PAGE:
Mother of slain girl wears purple to bring awareness to domestic violence, encourages open discussions 

Published 8:39 am Monday, October 30, 2017

If you see someone wearing purple this month, they may be helping raise awareness about domestic violence.

Jamie Thomas Bright was doing just that when she attended Monday’s Danville City Commission meeting. Her dress, her earrings, her fingernails were all sporting the purple that’s used to represent awareness of domestic violence.

“You can’t see, but I have purple toes as well,” Bright told city commissioners after receiving a plaque commemorating the city’s proclamation of October as Domestic Violence Awareness Month. “It gives me a chance to discuss openly about domestic violence.”

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Bright’s daughter, Danielle Thomas, grew up in Danville. She was killed by her abusive boyfriend, Jason Bohn, in New York in 2012. He is now serving a life sentence in prison.

Bohn is a graduate of Columbia University and the University of Florida Law School, Bright said.

“When I heard that they were dating, I thought, ‘that’s awesome — an attorney on Wall Street,'” she said.

But domestic violence affects every socioeconomic level, Bright said.

“What I’m hoping to do is to bring domestic violence out where you can talk about it. I didn’t know Danielle was being abused; I thought she could tell me everything, but she couldn’t tell me this,” she said. “I hope that as I can talk about domestic violence, that other people who are suffering will think ‘I can tell someone’ and if anyone is suffering from domestic violence: tell someone. As long as you’re breathing, you can get out.”

The proclamation, read by City Commissioner Denise Terry and signed by Mayor Michael Perros, states that domestic violence “must be stopped and deserves considerable public attention.”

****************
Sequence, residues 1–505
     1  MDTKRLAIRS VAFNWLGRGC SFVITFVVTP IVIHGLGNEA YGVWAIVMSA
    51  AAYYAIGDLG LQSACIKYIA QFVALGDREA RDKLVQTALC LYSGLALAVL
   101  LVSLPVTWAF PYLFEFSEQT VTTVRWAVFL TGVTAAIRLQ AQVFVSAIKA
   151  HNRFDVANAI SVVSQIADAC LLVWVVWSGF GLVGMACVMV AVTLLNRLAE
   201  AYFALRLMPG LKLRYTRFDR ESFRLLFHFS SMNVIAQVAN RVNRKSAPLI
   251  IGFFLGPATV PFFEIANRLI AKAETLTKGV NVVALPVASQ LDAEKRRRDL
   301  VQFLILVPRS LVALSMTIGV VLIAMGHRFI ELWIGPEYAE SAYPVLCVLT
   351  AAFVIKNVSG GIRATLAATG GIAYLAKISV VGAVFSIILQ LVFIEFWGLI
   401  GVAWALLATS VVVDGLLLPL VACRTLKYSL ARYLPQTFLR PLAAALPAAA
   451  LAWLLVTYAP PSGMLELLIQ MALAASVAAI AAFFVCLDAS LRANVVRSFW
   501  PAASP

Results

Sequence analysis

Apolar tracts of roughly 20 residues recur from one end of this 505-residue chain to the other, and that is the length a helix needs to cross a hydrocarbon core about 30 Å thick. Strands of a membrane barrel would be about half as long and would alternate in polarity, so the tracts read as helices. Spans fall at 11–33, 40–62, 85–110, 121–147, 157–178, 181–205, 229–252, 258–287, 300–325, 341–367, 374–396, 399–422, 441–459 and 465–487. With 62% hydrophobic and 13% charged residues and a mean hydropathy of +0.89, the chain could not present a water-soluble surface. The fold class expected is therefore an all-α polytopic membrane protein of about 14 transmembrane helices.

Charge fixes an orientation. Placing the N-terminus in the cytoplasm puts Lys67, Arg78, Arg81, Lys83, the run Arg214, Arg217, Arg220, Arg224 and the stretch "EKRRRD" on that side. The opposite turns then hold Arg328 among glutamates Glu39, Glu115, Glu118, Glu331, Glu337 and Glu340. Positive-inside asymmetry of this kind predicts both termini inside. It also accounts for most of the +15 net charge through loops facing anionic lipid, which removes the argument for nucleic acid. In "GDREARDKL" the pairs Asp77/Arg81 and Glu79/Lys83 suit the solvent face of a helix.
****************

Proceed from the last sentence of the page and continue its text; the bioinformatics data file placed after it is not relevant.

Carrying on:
“… children who witness domestic violence often grow up believing that physical cruelty in relationships is acceptable behavior, and thus they tend to perpetuate a cycle of violence in society,” the proclamation reads. “… anyone can be a victim of domestic violence, regardless of age, sex, ethnicity, sexual orientation, socioeconomic status or religion … we must continue to hold domestic abusers accountable, punish them to the full extent of the law and prevent them from inflicting more abuse.”

Commissioner J.H. Atkins said he knew Danielle Bright when she was growing up in Danville.

“For those of us who remember her, she was such a sweet young lady,” Atkins said. “I respect you and I cherish the fact you are … working toward eradicating this disease.”

Commissioner Kevin Caudill said Jamie Thomas Bright “always has such grace and courage.”

“I really respect you for that and respect what you’re doing and that you’re trying to solve a problem instead of just being bitter, as I think maybe I would be,” Caudill said.

“My faith is what gets me through each day,” Jamie Thomas Bright responded. “… I feel Danielle is my guardian angel and I feel she is here with us in spirit.”


For more information about domestic violence awareness, visit the National Resource Center on Domestic Violence online at The National Domestic Violence Hotline is (800) 787-3224.